(AUC) demonstrates better performance of the prediction model.
Table 3. Predicted values for PC4
Accuracy
Sensitivity
Specificity
Precision
Recall
F-measure
ROC area
0.8937
0.9055
0.6619
0.98125
0.9639
0.9725
0.856
Here Table 1, 2 and 3 represents the performance metrics of PC4 dataset. The detailed
accuracy by class shows the weighted average of the TP rate, FP rate, Precision, Recall, FMeasure and ROC area. The confusion matrix gives the Accuracy, Sensitivity, Specificity,
Precision, Recall and F-measure values.
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Weighted average
1
0.894
0.8
0.876
0.894
0.873
0.856
Precision
Recall
F-Measure
ROC area
0.648
0.6
0.4
0.2
0
TP rate
FP rate
Figure 10. Performance Metrics
The Total weighted average of various performance markers obtained from the proposed
method is shown in Figure 10. The achieved accuracy gives better results when compared
with existing methods. It gives accurate values for processing and found software fault
present in the data. Here, TP rate increases to 0.894 while FP rate reduces to 0.648. Then, it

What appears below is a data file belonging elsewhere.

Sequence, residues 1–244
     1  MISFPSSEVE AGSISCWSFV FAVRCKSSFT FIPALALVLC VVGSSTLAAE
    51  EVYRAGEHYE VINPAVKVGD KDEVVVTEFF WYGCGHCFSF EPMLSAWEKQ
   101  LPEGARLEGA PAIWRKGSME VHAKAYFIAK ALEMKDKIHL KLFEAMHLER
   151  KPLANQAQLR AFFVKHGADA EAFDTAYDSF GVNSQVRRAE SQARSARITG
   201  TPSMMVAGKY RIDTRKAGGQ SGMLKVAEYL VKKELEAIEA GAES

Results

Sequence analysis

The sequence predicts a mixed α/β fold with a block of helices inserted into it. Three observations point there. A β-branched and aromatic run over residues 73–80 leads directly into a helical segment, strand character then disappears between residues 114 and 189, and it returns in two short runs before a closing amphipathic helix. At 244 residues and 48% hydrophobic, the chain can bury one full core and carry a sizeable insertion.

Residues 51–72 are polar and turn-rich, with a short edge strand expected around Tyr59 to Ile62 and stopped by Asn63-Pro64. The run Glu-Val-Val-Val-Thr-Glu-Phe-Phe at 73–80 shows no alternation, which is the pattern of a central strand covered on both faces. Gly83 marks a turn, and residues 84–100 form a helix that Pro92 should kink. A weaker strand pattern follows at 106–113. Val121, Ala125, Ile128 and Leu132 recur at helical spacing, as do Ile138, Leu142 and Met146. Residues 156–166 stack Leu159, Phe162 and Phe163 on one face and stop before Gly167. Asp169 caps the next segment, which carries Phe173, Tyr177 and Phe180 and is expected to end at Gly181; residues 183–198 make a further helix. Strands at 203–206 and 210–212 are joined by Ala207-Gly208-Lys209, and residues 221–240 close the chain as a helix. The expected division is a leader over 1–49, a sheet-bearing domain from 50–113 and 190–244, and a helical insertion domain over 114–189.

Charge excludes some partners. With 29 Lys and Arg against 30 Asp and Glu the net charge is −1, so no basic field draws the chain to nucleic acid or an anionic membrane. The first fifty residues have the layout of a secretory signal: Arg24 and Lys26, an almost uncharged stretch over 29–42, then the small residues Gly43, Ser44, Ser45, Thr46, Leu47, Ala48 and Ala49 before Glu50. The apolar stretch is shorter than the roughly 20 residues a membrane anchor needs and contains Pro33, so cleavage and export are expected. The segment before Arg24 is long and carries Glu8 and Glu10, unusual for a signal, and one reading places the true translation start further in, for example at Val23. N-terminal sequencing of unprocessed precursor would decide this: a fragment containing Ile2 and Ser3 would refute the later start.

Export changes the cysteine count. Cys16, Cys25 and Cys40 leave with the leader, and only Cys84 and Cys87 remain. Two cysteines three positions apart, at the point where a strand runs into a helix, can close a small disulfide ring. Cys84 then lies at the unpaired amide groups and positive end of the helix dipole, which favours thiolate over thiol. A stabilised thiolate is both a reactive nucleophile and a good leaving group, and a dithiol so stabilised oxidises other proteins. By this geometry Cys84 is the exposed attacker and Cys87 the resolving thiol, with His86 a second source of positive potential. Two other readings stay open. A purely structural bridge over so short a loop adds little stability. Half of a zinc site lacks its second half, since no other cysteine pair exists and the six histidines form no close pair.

drastically increases the value of precision to 0.876. High TP or low FP comes at the cost of
high PF or low PD respectively. This linkage can be seen in a standard receiver operator curve
(ROC). The mean and average value can be calculated using the confusion matrix which is
shown in Figure 10.
Correctly classified instances = TP + TN = 1256 + 47 = 1303
Incorrectly classified instances = FP + FN = 24 + 131 = 155
The calculated results for PC4 are as follows:
Table 4. Calculation results for PC4
Correctly classified instances (1303/1458)
Incorrectly classified instances (155/1458)
Kappa statistic
Mean absolute error
Root mean squared error
Mean Relative absolute error
Root relative squared error
1
0.9
0.8
0.7
0.6
0.5
0.4
0.3
0.2
0.1
0
0.8937
0.1063
0.3309
0.1508
0.2868
0.7068
0.8761
0.8761
0.8937